In a groundbreaking analysis based on data extracted from hundreds of studies, scientists concluded that humans are on the verge of causing unprecedented and irreparable damage to the ocean environments. The patterns are clear, and extremely worrying, researchers say - but we still have time to act.
"We may be sitting on a precipice of a major extinction event," said Douglas J. McCauley, an ecologist at the University of California, Santa Barbara, and an author of the new research, which was published on Thursday in the journal Science.
The science says that the oceans are suffering much more environmental damage than the land environments, but it's less visible to us, and so far, less species have gone extinct because it's easier to adapt in the ocean than in the land. This study compares compares the effects major changes in human history had on land-based wildlife to the effects out present day actions have on oceans, and they have found striking similarities.
The gross of the human damage to the environment was done after the industrial revolution. We started cutting forests, destroying habitats and causing global warming. Ocean species have been relatively protected from our impact, but things are looking worse and worse for them too. We may be indeed heading for a mass extinction - one caused by us.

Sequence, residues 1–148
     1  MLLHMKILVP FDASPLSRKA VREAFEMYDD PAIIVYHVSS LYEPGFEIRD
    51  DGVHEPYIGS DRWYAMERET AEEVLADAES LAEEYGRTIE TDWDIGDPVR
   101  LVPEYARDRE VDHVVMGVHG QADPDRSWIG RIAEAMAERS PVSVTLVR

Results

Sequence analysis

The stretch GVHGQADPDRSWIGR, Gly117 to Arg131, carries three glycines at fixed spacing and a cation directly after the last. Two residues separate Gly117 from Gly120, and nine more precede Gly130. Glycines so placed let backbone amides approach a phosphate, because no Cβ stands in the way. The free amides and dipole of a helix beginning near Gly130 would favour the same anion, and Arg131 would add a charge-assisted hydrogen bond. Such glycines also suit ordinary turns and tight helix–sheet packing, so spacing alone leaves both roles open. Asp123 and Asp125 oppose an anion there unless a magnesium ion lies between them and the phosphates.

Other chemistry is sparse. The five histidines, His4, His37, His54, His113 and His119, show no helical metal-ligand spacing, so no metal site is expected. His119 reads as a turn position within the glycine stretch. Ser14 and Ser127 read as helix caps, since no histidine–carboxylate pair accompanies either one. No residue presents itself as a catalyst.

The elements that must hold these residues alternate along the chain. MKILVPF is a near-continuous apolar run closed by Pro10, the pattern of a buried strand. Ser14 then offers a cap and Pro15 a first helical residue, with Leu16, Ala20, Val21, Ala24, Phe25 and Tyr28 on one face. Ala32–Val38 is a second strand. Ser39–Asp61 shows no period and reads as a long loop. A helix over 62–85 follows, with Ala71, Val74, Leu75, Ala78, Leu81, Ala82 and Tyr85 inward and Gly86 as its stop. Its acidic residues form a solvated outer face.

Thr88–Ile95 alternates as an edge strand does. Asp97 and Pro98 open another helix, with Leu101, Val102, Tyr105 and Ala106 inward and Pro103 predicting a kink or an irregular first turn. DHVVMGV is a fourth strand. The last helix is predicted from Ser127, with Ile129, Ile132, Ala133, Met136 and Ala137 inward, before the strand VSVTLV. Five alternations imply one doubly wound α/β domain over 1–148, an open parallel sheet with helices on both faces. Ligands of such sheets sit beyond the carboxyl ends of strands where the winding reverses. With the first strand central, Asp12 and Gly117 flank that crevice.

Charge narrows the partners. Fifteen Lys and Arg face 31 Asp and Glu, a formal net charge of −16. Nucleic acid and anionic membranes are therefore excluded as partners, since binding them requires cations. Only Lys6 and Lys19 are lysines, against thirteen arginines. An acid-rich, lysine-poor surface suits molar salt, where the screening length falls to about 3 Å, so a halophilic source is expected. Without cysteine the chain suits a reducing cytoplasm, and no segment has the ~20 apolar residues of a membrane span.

But there is good news. While we are close to the point of no return, we're not quite there yet.
"We're lucky in many ways," said Malin L. Pinsky, a marine biologist at Rutgers University and another author of the new report. "The impacts are accelerating, but they're not so bad we can't reverse them."
Dr. Pinsky, Dr. McCauley created a remarkable synthesis of existing studies, with laudable results. Other experts in the field are delighted with their efforts.
"I see this as a call for action to close the gap between conservation on land and in the sea," said Loren McClenachan of Colby College, who was not involved in the study.
The most easily noticeable effect is on global fish stocks. Global fish stocks are exploited or depleted to such an extent that without urgent measures we may be the last generation to include fish in our diets - and this is not an overstatement. Most ocean species are already overharvested, and stocks have already been depleted. Coral reefs have also declined by 40 percent worldwide, mostly due to global warming and increased ocean acidification, caused by humans. Marine species are trying to adapt and migrate to cooler areas, but of course, this is not an option for corals.
"If you cranked up the aquarium heater and dumped some acid in the water, your fish would not be very happy," Dr. Pinsky said. "In effect, that's what we're doing to the oceans."
The overall situation is pretty dire. Species on Earth are disappearing at a never-before seen rate in human history. The stark threat hangs over all species, be they on land – mammals, reptiles, birds, insects – or in the water. We still have some time to act... but we have to act now.
"If by the end of the century we're not off the business-as-usual curve we are now, I honestly feel there's not much hope for normal ecosystems in the ocean," said Stephen R. Palumbi of Stanford University, an author of the new study.. "But in the meantime, we do have a chance to do what we can. We have a couple decades more than we thought we had, so let's please not waste it."